I mention to Tomo that I'm reading *Getting Things Done* the other day.
"It's one of those books that takes 200 pages to tell you have a 'to-do list'," I say.
"Yeah," he says. "Getting things done is just a matter of willpower."
I kind of agree with that. On the other hand, reading one of these productivity books often gives my willpower a boost, and for a couple weeks straight I'll get a bunch of stuff done that I'd been putting off for ages.
And *Getting Things Done* is actually a decent book. Sure, it inspires crazy, almost cultlike, devotion in some. And its central thesis *is* pretty much just, "Have a 'to-do list.'" But I got some stuff out of it. And for only $15, it was worth it.
Here's some of the stuff I found useful:
* Buy a nice file cabinet. Although at work I'm almost entirely paperless, at home I don't have that luxury. I used to have a cheap file cabinet where the drawer was difficult to open. I never filed anything; I just had a big pile of papers sitting on top of the filing cabinet. David Allen points out the reason I never filed anything was because it was so unpleasant. So I bought this gunmetal gray Hon where the drawers slide out like butter...and it really is pleasant. I keep all the menus from our nearby takeout places in a file in the filing cabinet now, instead of the kitchen drawer, because it's just so nice to open and close the thing.
* The reason to write things down isn't because you might forget. It's so you can "free your mind." If you don't write things down, your mind loops on stuff. When you write them down, you don't have to think about them anymore. Less stress. Very Matrixy.
* The two-minute rule. As you're processing stuff that needs to be done: filing it for later or adding it to your calendar or whatever, if it takes less than two minutes, just do it! You might point out that now, instead of getting big, important tasks done, you're getting lots of little possibly not-so-important tasks done, but it is great for staying on top of things.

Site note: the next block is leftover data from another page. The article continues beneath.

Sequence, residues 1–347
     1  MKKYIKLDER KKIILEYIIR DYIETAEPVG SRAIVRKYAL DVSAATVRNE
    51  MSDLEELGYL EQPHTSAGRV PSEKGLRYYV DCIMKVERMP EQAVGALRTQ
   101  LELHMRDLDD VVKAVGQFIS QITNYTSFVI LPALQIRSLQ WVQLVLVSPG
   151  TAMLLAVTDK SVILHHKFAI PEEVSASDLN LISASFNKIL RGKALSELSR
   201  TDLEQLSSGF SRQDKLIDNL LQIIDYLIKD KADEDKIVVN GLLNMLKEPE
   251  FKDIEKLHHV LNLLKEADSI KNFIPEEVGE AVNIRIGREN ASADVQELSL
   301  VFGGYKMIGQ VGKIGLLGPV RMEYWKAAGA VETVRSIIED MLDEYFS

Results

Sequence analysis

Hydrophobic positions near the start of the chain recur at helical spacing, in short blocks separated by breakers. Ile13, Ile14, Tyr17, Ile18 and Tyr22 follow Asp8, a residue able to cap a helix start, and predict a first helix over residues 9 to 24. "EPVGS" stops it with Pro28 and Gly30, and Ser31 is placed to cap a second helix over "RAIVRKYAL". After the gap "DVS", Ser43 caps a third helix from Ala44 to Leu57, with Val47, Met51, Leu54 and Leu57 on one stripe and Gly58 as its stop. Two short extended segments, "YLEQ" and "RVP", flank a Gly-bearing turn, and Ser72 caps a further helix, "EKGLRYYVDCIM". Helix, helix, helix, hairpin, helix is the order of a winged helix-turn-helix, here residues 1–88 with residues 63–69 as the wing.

* Weekly review. You need to spend up to an hour or so every week on maintenance: getting the latest batch of papers and notes and crap that's collected over the week into the todo list and calendar and what not. And you need to review your todo lists, see if anything from your "someday maybe" list wants to come over to one of your "do soon" lists. Otherwise all you get after your burst of willpower is back to the status quo.
* The "someday maybe" list. In game development, we call this the "wish list". It usually translates to the "we're never actually going to get around to this" list.
In the long run, GTD isn't so much a productivity book as a staying organized book. It has a little more to offer than *Organizing Your Office* but it's basically the same kind of thing. There's no advice to make you any more productive in there: it just changes your priorities. Little tasks get done. Stuff you might have forgotten about gets done. Stuff you don't care about - you explicitly decide not to do yet.
I have a theory, and the theory is that there's almost no such thing as more productivity. Every minute you spend doing something is a minute spent doing something valuable. Maybe it's sleeping. Now you're better rested. Maybe it's playing a videogame or watching TV. Now you're more in touch with pop culture, or maybe you've exercised your mind. Maybe it's staring off into space. They call that "meditating", and it's good for you. And maybe it's working or taking out the trash, those things that everyone considers productive.
There are only a few ways to truly increase productivity:
1) become more efficient-something GTD doesn't talk about-for example, learning to type might make you a faster blogger and thus you could produce more blog in the same amount of time.
2) eliminate dead time. Okay, so my theory's obviously hyperbole, and some tasks are truly unproductive, such as commuting and waiting for builds to finish. If you can eliminate or reduce these (move closer to work / shorten your build time) you're a winner. (But #2 is basically another way of saying the same thing as #1, now, isn't it?)
2) multitask. If you can't eliminate dead time, at least get something else done while it's happening. For example, I didn't actually read *Getting Things Done* - I rented the audiobook from simplyaudiobooks.com and listened to it during my commute.